Book Review: The Essential Guide to the ISIS Threat

Amir HafiziWednesday, April 1, 2015
(Pic by Hussein Shaharuddin/TMR)

This is the definitive book on Islamic State of Iraq and Syria (ISIS) so far. Written by Harvard lecturer on terrorism Jessica Stern and non-resident fellow with the Brookings Institution JM Berger, there is currently no other single book that tracks how ISIS came to be and how the terror group/state is now.

The book expertly focuses on the timelines and events that led to ISIS as well as the people within the organisation — Abu Musab Al Zarqawi, Al Maqdisi, Jihadi Joe, the countless people joining and killing in the name of ISIS as well as the female sex slaves.

ISIS: The State of Terror delves into the ideology behind ISIS to explain its mass appeal among even modern Muslims raised and living in liberal capitalist countries.

The book also explores the justifications ISIS presents in order to behead prisoners and take non-Muslim women as sex slaves, even underaged ones.

It is easy to get lost in the stark reality or the gory details of ISIS’ many violent endeavours, but Stern and Berger manage to adopt a professional viewpoint in presenting the facts in this extremely well-researched book.

ISIS is shown as the extremist to the extremists — they were a bit too crazy even for Al Qaeda — and how they appeal to current and future generations of Muslims who must desperately believe in their own self-importance.

There is even a nice little statistic about the percentage of Muslims who believe they will witness the end of days within their lifetime.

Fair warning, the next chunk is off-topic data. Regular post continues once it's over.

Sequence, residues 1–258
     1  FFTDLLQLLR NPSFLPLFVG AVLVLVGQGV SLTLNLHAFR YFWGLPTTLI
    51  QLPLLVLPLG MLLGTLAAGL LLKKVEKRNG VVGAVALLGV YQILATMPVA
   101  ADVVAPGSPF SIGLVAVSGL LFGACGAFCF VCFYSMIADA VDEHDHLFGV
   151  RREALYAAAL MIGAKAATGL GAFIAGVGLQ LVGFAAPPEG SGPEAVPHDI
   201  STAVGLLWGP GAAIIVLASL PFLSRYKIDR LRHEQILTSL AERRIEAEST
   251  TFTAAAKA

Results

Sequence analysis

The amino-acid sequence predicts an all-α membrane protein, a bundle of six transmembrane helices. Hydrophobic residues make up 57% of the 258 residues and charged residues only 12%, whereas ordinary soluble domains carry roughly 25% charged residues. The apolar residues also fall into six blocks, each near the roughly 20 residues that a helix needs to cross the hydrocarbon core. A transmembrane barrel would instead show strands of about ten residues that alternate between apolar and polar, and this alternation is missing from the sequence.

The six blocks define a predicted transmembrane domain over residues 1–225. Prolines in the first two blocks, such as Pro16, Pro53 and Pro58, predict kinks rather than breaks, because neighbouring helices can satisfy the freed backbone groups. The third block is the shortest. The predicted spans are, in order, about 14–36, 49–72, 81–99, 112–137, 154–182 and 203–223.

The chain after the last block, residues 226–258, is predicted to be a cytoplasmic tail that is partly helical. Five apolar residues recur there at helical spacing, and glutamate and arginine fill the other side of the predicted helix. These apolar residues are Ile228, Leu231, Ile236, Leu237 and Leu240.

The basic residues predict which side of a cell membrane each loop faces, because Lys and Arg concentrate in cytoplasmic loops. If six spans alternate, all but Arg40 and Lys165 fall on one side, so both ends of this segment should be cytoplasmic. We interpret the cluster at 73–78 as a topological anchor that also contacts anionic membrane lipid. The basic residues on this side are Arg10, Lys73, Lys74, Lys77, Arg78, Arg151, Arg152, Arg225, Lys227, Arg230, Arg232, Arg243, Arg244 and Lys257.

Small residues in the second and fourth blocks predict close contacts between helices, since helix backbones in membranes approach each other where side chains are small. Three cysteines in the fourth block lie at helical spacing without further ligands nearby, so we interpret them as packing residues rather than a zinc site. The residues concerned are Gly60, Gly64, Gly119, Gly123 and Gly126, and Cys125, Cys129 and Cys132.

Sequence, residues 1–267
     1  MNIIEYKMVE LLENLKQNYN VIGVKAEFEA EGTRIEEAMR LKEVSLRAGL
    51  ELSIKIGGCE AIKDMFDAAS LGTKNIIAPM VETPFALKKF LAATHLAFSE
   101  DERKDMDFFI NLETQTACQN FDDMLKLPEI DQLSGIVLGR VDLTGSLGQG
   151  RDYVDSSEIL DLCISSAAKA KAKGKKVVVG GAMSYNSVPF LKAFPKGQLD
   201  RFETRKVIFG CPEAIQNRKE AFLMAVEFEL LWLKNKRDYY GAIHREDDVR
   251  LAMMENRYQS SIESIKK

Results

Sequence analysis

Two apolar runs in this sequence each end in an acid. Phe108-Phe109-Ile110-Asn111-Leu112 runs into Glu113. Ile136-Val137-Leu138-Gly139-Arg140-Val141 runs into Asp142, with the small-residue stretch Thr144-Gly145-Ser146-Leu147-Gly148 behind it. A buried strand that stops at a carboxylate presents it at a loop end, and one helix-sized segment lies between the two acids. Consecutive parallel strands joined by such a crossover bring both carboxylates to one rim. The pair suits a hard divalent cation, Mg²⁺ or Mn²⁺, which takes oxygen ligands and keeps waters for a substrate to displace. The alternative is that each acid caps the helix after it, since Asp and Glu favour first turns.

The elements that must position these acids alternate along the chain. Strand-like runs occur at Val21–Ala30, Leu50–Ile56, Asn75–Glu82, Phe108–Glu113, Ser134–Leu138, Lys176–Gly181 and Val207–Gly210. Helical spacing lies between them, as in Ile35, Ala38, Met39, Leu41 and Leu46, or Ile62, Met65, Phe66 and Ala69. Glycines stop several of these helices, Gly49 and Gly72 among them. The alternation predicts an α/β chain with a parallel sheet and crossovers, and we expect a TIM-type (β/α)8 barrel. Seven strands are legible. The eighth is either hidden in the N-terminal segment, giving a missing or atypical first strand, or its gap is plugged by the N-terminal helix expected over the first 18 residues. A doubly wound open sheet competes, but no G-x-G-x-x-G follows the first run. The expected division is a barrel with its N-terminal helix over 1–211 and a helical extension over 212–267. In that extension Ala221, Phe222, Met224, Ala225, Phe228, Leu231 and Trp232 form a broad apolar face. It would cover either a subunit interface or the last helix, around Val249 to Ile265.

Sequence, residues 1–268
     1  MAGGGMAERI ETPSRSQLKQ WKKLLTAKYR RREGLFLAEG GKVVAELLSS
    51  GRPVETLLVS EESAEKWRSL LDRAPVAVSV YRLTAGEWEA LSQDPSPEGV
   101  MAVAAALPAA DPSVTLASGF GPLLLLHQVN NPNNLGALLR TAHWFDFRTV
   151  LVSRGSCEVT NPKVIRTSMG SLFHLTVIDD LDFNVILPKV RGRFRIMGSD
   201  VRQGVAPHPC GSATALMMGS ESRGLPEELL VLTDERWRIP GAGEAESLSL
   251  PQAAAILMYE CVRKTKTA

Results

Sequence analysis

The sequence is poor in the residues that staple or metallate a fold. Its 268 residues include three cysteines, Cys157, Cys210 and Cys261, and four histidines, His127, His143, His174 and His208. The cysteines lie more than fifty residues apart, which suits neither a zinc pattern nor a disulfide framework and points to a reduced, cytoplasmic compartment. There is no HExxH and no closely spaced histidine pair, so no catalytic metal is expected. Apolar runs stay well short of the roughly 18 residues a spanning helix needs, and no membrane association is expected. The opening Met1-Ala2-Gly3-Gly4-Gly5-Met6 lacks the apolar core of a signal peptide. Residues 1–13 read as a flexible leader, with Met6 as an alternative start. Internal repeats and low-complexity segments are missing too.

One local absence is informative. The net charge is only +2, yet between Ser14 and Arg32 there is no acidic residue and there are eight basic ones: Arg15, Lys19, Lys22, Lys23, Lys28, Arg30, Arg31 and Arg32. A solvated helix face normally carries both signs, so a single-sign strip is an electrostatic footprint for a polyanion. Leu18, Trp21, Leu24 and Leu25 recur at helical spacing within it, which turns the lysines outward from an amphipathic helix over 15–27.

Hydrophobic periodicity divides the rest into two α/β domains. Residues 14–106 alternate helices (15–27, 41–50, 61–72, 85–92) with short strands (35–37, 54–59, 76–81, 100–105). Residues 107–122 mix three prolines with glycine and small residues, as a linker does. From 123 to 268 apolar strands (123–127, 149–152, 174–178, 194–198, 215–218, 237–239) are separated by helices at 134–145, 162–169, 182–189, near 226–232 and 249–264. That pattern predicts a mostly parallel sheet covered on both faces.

Malaysia comes in at fourth place with 62% of Muslims here believing that. We come in after Afghanistan, Iraq and Tunisia. This is a worrying statistic as ISIS makes its way across continental Asia towards this region.

There is hardly any judgmental or pedantic observations in this tome, though the book sometimes does try to get into the mind of the terrorists. Here’s an excerpt on the closest thing the book has on an opinion: Fundamentalists see religious texts as inerrant guides to life. But even for those who see scripture as the literal word of God, the people who read it and interpret it are human and fallible, a concept fundamentalists are often unable to conceptualise as it applies to themselves, although they happily apply it to others.

The book does not get Islam wrong. Stern and Berger demonstrate their understanding of the subject matter and even of the characters inside fundamentalist groups. This is not the first book either of them have written on terrorism or religion.

They also get endorsement from noted scholar and historian Reza Aslan, his quote prominently displayed on the cover of this book.

All in all, a very well-researched book. A serious in-depth look into ISIS that doesn’t feel as if it’s just another Western “liberal” propaganda. A must read, especially for those living in Muslim countries whether you’re a Muslim or not.

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